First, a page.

On Friday, I went to Rashtrapati Bhavan to visit the Mughal Garden. It is open to the public for five hours each day (except on Mondays) only in the month of February. This is one of those gardens we studied in my Rajput architecture seminar, and I could reasonably be expected to cover it should I ever teach a course on landscape/architecture in India. Friday was the day I had scheduled to visit the garden, so off I went, arriving just before noon. Long story of a beautiful garden with beautiful birds cut short, I ran into another American, and after a short chat, decided to hang out with her the rest of the day. We had a lot of fun: had lunch at a dhaba up near CP, went to see the Gandhi Smirti on Tees January Marg, Safdarjung's Tomb, and Qutub Minar. It runs completely contrary to my personality to suddenly go off into tourist land with a stranger, but I'm glad I did, as it was a pretty awesome day. It made me feel competent and knowledgable about Delhi, and I think it also helped my new friend feel more comfortable, traveling with a companion instead of trying to do everything solo.

Anyway, good day, but while we were at the dhaba, I ordered a fresh lime soda sweet, and they brought me a fresh lime soda salty. I don't know if you've ever had one of these, but it is basically like drinking sea water. I needed some regular water to wash it down. It must of been a day of doing things contrary to my usual behavior, because I bought a bottle of water. I usually just drink normal water, because it's typically filtered in restaurants. At this dhaba, I wasn't so sure, especially since we were seated in the kitchen and I could see there was no Aquaguard system or anything like that. So, I bought a bottle of Aquafina.

When I opened the bottle, it was overfull, and I even thought, "Oh, it looks like Neeraj [the boy who works in my guesthouse] filled this bottle!" Both Neeraj and Sonu fill my water bottles to the very top, but you know, bottle manufacturing plants don't do that. Clue 1. And then I looked at the lid of the bottle and thought, "You know, that looks like it's been glued." Clue 2. A smart person would have abstained from drinking the water, don't you think? But a fresh lime soda salty is horrendous, and I thought I needed to take drastic measures to save my taste buds. Big mistake. Sick by Friday night. A small recovery Saturday in the morning, sick again by late afternoon, trapped inside through Tuesday a.m. Such a dumbass thing to do.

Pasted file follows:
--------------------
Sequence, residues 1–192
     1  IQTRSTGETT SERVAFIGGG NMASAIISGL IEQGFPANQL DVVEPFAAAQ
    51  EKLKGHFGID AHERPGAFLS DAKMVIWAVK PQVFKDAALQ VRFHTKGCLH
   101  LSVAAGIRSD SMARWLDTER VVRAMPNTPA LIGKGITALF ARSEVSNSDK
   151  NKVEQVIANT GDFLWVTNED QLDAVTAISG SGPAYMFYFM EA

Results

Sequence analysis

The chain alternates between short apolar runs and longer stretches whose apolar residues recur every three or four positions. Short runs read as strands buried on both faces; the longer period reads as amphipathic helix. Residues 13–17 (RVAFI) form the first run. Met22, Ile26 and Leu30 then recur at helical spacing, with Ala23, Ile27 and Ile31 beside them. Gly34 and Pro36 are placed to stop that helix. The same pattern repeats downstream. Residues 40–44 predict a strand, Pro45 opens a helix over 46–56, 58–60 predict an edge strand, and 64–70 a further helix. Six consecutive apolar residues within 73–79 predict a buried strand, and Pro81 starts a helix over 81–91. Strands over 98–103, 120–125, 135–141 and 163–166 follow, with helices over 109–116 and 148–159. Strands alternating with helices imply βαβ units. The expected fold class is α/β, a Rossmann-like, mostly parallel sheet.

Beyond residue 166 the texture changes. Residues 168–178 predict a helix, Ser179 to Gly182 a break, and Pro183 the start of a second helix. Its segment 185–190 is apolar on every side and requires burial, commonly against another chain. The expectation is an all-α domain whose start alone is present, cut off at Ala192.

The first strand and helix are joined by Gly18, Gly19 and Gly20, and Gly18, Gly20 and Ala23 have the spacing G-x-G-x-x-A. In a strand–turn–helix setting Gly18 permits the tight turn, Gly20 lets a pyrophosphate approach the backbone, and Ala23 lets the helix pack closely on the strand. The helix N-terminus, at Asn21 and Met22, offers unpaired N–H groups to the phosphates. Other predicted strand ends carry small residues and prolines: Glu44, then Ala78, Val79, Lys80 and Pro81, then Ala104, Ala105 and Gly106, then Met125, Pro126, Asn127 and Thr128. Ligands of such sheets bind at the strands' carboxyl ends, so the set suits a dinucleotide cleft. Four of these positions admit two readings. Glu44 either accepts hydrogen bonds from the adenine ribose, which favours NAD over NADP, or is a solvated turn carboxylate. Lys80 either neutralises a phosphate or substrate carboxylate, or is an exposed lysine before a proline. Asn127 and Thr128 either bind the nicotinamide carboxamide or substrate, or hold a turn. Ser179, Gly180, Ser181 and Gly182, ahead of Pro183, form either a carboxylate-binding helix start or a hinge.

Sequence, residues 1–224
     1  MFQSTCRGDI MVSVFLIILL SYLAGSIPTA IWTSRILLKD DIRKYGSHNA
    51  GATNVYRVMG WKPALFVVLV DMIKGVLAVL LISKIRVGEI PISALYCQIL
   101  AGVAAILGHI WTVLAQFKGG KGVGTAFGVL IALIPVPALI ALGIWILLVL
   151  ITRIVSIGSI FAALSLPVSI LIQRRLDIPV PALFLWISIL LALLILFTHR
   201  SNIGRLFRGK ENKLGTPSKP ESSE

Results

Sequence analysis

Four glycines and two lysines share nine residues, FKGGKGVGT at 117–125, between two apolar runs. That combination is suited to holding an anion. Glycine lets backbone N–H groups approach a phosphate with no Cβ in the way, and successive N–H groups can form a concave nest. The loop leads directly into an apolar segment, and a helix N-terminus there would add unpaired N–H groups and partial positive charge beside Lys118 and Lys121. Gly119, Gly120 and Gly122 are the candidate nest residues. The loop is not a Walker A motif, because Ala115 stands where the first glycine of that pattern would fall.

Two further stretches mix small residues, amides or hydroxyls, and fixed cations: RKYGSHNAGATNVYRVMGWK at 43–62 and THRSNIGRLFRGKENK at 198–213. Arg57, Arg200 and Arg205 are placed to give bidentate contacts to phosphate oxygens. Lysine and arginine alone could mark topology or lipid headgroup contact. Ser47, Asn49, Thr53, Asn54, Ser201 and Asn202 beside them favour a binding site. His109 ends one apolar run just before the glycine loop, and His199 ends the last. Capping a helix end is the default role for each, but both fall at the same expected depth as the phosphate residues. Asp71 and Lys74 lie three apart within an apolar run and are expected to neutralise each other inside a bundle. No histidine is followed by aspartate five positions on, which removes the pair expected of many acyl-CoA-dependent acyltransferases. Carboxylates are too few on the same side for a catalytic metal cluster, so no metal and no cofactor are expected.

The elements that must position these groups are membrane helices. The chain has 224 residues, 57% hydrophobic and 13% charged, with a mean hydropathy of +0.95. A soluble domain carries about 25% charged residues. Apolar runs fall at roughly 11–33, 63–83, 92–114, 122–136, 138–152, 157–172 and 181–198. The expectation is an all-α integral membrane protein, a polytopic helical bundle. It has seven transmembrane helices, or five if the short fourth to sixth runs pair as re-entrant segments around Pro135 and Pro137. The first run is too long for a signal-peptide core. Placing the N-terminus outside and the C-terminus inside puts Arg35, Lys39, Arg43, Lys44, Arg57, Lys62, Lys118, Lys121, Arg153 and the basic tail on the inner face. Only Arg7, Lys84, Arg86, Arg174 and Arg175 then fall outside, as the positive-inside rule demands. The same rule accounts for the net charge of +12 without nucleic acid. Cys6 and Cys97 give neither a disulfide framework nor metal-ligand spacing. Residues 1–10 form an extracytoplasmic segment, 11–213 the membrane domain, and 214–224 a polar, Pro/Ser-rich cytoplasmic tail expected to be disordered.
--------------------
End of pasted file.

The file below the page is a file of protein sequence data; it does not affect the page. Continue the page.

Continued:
So, just in case you haven't gotten the point of this little story, let me remind you: DON'T DRINK SPURIOUS WATER, ESPECIALLY WHEN YOU SEE OBVIOUS SIGNS OF ITS SPURIOUS-NESS.

Monday, February 16, 2009

Spurious Water.

Don't drink it.

Thursday, February 12, 2009

On the other hand.

There are a few good things to being distinctively white. For instance, last night, I was supposed to meet a friend for dinner at Sagar in Defence Colony. Half way there, I realized that we hadn't clarified which Sagar--North Indian or South Indian--and I had forgotten my mobile on my desk at home. Where would I meet my friend? Once at Defence Colony Market, I went to the North Indian Sagar, and when the door man motioned me inside, I asked "Meri saheli kahan hai?" ("Where is my girlfriend?"), and he replied, "Oh, she is standing by South Indian Sagar." So, it pays to be the short, round white person who always walks around with the tall, thin white person, because there are a lot of white people in Defence Colony, but the door man still knew who my friend was and where she was standing.

Wednesday, February 11, 2009


As it turns out, I've walked right by the entrance to a Lodhi-era step well every time I go to the USIEF office on Hailey Road. After spending some time with the satellite image feature of Google maps last night, I figured out exactly where it was, and stopped by today to take some photos. You can see it pretty clearly to the upper-left of the red "A" marking Hailey Road in the satellite view:

You'd think this would be a peaceful place: a seldom-visited, centuries-old architectural ruin in the middle of the embassy neighborhood of New Delhi. But, no. For one thing, like most monuments in Delhi, the stepwell is where teenagers go when they don't want adult supervision. A lot of snuggling, a lot of giggling, a lot of horseplay. Added to the shrill sounds of boys and girls trying to impress one another was the tremendous racket made inside the well by pigeons and bats. The deeper you go, the louder it becomes, like two aliens humming different songs underground. I could have sat and listened to this weirdness for a long stretch of time, actually, but the stares of the teenagers began getting to me before I even started my descent into the well.